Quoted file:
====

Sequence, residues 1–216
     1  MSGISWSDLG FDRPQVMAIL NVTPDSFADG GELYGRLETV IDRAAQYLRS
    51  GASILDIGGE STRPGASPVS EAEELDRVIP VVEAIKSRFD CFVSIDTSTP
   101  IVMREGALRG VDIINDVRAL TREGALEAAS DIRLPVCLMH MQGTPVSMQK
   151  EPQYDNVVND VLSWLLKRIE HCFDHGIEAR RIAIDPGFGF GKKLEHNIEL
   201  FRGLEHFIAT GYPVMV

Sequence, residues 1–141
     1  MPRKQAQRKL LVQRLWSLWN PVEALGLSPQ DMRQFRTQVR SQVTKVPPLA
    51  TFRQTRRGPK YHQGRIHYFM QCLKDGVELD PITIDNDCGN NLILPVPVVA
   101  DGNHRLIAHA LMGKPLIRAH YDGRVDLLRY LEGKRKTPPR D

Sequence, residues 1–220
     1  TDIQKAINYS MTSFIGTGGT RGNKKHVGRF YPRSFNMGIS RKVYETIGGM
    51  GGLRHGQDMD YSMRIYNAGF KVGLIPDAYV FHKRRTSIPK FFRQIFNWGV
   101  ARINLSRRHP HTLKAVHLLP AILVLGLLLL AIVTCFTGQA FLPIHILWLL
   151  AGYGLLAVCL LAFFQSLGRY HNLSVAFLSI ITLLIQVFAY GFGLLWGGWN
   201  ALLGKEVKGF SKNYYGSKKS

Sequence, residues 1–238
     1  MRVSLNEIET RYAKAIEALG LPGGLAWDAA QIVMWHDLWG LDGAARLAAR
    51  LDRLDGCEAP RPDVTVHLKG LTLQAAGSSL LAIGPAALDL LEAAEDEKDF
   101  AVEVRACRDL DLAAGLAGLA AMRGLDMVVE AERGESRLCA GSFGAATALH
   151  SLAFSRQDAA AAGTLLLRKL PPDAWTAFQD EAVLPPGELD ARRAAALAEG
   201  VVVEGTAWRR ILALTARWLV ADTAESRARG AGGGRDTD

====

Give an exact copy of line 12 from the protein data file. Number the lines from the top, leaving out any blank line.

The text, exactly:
     1  TDIQKAINYS MTSFIGTGGT RGNKKHVGRF YPRSFNMGIS RKVYETIGGM